Finally succumbing in June, she then found the device did not work. Its display remained blank, meaning Amanda has had to continue relying on old-fashioned meter readings and cannot view her usage in real time.

And the 43-year-old, from Ilkley, West Yorkshire, is still waiting for her supplier to repair the gadget three months later.

Amanda, who runs an online children’s bookshop called Books & Pieces, says: ‘We are the kind of family that turns the light off every time we leave the room.

‘That has become even more important now bills are rising. A smart meter would be really useful.’

She adds: ‘When the engineer installed it, he said it wasn’t uncommon for them (meters) not to work.’

EDF says it is fixing the device as a matter of urgency.

How much will my bills drop?

The key question customers ask is: can smart meters help them save money? They can be effective in helping monitor usage but you must act on the findings in order to cut your bills.

Many suppliers have previously offered cheaper tariffs to customers willing to get a new meter. 

These disappeared when the energy crisis hit but are expected to return after wholesale prices stabilise.

Industry insiders have also told Money Mail that the real reason behind the smart meter push is to encourage more people to take up ‘time-of-use’ tariffs.

These deals incentivise customers to use energy at off-peak hours by charging lower prices. For example, if you use your dishwasher or washing machine at night, you will benefit from a discounted rate. The tariffs are especially useful for people who charge electric cars overnight.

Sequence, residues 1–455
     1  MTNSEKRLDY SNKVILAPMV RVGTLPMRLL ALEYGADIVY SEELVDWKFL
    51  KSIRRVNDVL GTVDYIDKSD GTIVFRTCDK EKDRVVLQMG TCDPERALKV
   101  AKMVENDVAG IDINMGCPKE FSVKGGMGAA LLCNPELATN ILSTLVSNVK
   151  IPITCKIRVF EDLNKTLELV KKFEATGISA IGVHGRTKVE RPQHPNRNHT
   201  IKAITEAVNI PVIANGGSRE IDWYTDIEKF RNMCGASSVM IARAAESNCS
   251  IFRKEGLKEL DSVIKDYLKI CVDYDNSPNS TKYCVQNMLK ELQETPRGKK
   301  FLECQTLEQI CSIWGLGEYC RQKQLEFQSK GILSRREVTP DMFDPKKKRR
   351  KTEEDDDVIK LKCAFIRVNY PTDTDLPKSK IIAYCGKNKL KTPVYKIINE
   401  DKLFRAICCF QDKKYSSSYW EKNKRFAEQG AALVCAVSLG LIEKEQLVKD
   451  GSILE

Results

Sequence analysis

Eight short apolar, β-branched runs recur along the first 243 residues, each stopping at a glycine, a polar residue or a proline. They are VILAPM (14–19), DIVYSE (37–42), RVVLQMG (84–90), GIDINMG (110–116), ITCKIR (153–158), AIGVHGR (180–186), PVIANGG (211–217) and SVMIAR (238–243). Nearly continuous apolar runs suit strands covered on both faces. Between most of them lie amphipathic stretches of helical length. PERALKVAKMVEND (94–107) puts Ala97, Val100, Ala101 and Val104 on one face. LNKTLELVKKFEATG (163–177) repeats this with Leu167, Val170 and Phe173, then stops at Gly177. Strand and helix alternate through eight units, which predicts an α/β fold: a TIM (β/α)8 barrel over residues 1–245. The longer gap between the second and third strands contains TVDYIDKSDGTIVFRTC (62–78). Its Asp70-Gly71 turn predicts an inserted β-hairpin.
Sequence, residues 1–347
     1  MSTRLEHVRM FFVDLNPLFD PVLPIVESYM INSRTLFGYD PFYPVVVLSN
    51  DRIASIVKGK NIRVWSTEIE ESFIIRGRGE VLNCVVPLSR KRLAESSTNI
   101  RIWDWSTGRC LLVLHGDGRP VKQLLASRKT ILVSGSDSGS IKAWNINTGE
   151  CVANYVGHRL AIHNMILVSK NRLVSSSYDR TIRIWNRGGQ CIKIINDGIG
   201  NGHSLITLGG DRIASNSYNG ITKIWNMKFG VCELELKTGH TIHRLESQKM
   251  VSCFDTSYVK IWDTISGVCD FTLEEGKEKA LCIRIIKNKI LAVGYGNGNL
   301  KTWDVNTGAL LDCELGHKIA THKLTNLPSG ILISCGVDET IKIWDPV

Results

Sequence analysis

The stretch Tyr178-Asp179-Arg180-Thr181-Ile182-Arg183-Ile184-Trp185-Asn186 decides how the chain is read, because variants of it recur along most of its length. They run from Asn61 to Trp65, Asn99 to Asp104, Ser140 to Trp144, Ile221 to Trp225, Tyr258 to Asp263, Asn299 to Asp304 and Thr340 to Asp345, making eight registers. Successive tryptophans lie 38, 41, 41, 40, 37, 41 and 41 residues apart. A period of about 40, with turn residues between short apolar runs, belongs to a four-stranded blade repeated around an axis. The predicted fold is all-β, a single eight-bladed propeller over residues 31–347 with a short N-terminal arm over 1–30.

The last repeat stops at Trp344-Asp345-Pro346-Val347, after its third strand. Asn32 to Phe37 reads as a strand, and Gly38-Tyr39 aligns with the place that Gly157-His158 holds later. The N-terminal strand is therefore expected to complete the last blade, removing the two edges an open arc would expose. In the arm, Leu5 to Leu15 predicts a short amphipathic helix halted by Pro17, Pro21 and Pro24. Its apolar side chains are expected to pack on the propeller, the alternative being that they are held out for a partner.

Emphasis on this strategy has ramped up recently due to fears of nationwide blackouts this winter.

Russia’s invasion of Ukraine saw wholesale energy costs soar overnight. As a result, countries are pushing households to ration their energy — though Prime Minister Liz Truss has refrained from doing the same in the UK.

Instead, the National Grid, which is responsible for keeping the lights on, plans to bring in a new scheme where smart meter customers are paid to reduce their energy usage.

It is based on an initial trial by Octopus Energy and E.ON earlier this year. Customers were given a two-hour window each day when they could use electricity.

If they used between 40 per cent and 60 per cent of their normal levels of power, they received a credit. The scheme is set to be rolled out more widely from November. But last week several suppliers raised concerns.

Octopus and E.ON warned the programme would fail because the proposed payments to households which hit their targets were too low. 

National Grid suggested companies should not pay customers more than 52p for each kilowatt-hour (kWh) of electricity they saved by avoiding peak hours. 

But Octopus says customers need to be ‘properly incentivised’ with rewards of at least £1 or £2 per kWh.

Gareth Kloet, energy spokesman at GoCompare, adds: ‘Time-of-use tariffs only work out cheaper if you use almost half of your electricity at off-peak hours. This just isn’t feasible for most people. You can do some things — like washing — at night. But you still do all your cooking, for example, during the day.

‘It might be beneficial for people who do shift work but otherwise it isn’t worthwhile.’

There is no fee to have a smart meter installed — instead the cost of the rollout is being added to all household bills over several years.

However, there are reports of some firms charging customers up to £400 to remove the new technology.

It’s helped me slash my bills 

Savings: Mother-of-two Sarah Fitzgerald

Savings: Mother-of-two Sarah Fitzgerald

With bills rising, Sarah Fitzgerald says her smart meter has helped her family slash their electricity consumption.

It means the mother-of-two, from Chelmsford, Essex, can cut back where necessary.

To keep bills down, she has bought a Halogen heater — one of the most energy-efficient types of electric heaters — an air fryer and electric blankets.

Development manager Sarah, 42, says: ‘I know what I’m spending and my supplier doesn’t bill me on estimated usage.’

 

Can I trust the readings?

Complaints about faulty smart meters have been building throughout the energy crisis.